One aspect in the design of a virtual memory systems involves the manner in which addressing is handled. The "real memory" which interfaces directly with the system is generally addressable at a byte level. As a result, the number of byte storage locations or addresses is, therefore, equivalent to the storage capacity of the real memory, and determines the number of bits required in the address. For example, a 64k memory requires a 16 bit address, in that 2*(16) [2 to the exponent 16]=64K (65,536) whereas a 1 megabyte memory requires a 20 bit address to address each of its locations 2*(20)=1 megabyte of memory or 1 million addresses).
The virtual memory address space is generally much, much larger than the real memory address space.
One technique used by many virtual memory systems to generate a virtual address is referred to as "paged segmentation." Assume for example that the address space has 2*(40) separate address locations. In the paged segmentation technique, the effective address space of the virtual memory is divided into, for example, 16 separate equal-sized memory segments by the memory management unit. Each segment is represented or addressed by a 12 bit memory segment identifier which is contained in one of 16 segment registers. Four bits of the 32 bit effective address from the processor are used to select one of the 16 segment registers to provide the 12 bit memory segment identifier, which is concatenated with the remaining 28 bits (32-4) of the effective address which is used as the segment offset. Under the above assumptions the byte capacity of the virtual memory is 2*(40).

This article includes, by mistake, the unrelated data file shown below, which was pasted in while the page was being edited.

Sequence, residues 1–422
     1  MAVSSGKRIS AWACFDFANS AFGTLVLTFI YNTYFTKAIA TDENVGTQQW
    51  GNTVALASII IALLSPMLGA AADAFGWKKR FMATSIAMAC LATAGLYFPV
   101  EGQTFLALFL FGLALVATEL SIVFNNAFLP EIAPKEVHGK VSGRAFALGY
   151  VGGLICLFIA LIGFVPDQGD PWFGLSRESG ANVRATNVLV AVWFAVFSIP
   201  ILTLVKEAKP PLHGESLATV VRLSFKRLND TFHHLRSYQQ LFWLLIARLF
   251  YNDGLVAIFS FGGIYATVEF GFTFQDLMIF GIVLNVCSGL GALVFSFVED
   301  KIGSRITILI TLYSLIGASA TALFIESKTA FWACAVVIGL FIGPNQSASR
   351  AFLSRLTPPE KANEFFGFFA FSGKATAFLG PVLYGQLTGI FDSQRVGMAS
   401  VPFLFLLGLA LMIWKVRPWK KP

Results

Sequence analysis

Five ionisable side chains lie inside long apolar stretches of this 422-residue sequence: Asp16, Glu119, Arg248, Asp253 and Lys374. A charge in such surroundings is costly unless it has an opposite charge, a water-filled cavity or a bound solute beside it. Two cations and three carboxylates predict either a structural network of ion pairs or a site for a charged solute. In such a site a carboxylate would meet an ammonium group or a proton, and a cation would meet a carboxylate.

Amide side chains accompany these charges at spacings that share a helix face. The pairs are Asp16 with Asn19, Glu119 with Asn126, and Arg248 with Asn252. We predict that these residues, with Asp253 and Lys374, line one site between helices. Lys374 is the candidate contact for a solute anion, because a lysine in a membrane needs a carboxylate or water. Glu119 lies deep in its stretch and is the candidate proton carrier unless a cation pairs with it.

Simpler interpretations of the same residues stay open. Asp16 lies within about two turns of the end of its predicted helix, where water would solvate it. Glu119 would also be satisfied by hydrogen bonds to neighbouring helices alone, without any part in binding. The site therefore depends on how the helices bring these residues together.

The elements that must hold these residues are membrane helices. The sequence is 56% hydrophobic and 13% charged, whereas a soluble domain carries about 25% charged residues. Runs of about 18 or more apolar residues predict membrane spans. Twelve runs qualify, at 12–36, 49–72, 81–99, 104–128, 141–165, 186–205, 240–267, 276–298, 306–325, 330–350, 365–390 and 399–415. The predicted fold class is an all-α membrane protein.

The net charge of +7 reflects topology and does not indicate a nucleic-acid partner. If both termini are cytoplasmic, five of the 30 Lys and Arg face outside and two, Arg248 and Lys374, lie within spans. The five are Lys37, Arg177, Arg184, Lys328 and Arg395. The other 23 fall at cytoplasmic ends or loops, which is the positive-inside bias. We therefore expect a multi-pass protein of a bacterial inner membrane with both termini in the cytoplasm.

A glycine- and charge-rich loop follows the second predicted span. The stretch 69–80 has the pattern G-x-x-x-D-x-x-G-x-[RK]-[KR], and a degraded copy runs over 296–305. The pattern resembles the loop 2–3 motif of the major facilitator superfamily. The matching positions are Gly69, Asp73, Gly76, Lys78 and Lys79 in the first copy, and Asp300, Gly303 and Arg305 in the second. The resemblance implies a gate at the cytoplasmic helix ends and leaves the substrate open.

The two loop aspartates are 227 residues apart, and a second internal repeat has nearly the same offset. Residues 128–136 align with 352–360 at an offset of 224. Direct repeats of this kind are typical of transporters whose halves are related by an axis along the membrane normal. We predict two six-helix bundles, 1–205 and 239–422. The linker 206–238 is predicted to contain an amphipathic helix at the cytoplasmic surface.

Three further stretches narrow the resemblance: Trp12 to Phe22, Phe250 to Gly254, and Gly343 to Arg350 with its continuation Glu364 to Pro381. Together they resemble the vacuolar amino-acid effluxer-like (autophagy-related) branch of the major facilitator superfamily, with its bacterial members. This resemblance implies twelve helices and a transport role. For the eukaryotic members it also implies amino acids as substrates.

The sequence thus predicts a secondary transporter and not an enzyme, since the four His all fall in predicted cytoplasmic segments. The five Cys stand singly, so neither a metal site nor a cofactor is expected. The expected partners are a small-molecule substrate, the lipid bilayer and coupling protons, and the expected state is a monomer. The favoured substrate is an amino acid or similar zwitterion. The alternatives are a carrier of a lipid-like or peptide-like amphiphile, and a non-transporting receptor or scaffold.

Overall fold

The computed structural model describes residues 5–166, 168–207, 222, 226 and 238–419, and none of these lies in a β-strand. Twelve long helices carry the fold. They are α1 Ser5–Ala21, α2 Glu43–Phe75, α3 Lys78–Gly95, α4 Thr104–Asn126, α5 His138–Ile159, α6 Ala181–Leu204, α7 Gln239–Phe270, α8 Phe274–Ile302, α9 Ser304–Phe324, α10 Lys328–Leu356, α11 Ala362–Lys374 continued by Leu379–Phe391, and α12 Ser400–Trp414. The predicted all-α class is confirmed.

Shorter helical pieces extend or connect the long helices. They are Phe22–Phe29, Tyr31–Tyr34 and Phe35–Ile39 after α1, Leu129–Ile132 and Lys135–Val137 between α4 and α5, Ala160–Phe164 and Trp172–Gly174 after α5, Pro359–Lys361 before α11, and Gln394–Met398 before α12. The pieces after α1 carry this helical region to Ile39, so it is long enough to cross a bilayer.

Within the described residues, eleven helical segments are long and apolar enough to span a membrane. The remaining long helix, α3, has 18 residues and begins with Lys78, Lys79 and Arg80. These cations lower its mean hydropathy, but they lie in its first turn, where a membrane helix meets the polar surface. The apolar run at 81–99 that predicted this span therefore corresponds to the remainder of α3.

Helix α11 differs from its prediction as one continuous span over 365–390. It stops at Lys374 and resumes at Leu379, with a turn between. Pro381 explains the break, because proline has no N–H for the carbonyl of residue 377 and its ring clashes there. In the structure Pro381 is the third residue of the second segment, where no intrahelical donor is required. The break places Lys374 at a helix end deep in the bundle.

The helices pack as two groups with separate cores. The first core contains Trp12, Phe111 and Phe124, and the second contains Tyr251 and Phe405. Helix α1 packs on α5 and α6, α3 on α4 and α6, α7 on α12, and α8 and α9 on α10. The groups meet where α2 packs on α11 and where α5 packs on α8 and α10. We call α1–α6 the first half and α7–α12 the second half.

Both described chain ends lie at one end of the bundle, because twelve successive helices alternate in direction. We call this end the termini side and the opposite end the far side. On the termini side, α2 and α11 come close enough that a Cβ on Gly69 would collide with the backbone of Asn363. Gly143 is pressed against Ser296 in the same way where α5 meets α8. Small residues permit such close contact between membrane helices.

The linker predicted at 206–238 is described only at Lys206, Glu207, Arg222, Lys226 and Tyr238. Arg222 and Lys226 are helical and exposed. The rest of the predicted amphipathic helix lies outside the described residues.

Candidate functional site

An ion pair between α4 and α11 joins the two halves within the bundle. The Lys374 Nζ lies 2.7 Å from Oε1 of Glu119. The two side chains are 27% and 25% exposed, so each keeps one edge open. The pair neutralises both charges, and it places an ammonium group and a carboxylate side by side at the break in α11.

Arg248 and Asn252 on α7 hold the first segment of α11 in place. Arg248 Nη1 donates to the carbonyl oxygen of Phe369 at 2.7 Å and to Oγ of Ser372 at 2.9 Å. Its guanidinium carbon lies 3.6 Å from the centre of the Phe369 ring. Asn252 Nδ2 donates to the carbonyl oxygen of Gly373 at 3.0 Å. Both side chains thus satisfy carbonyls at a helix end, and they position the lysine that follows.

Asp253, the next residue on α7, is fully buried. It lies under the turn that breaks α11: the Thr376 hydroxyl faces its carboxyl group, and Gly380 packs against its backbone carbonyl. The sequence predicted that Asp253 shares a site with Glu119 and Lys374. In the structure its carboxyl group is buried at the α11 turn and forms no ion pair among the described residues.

In order to assign and manage addressing operations, many systems provide three primary data structures associated with the memory management unit. They are the Segment Table (ST), the External Page Table (XPT) and the Inverted Page Table (IPT).
The Segment Table defines the objects that can be referenced by the system, an object being, for example, a complete program, a mapped file, or computational data. The Segment Table contains information such as the segment size and the start of the segment's External Page Table. The Segment Table contains one entry for each object defined in memory. The ST is stored in real memory and is not pageable.
An External Page Table (XPT) is provided for each segment. One entry in the table comprises four bytes and describes characteristics of the associated page, such as its location on the disk and protection-type information for that page. If the segment contains 100 pages, its XPT will contain 100 entries and will be 400 bytes in size. The XPT is pageable by the system.